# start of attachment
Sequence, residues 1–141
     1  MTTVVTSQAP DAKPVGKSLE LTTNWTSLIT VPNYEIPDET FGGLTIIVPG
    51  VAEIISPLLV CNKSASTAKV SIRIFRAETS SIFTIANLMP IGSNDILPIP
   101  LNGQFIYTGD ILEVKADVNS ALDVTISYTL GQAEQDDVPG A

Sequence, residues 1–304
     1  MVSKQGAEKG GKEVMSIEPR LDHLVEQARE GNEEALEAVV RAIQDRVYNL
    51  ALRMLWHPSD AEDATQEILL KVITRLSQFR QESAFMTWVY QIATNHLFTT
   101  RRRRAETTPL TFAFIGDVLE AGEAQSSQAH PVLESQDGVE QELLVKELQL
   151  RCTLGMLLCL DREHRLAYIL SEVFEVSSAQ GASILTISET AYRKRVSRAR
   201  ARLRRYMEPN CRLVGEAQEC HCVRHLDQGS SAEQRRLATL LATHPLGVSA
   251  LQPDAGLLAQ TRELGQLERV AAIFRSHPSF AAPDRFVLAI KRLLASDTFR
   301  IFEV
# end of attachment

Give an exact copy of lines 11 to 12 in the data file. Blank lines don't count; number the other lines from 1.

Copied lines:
   251  LQPDAGLLAQ TRELGQLERV AAIFRSHPSF AAPDRFVLAI KRLLASDTFR
   301  IFEV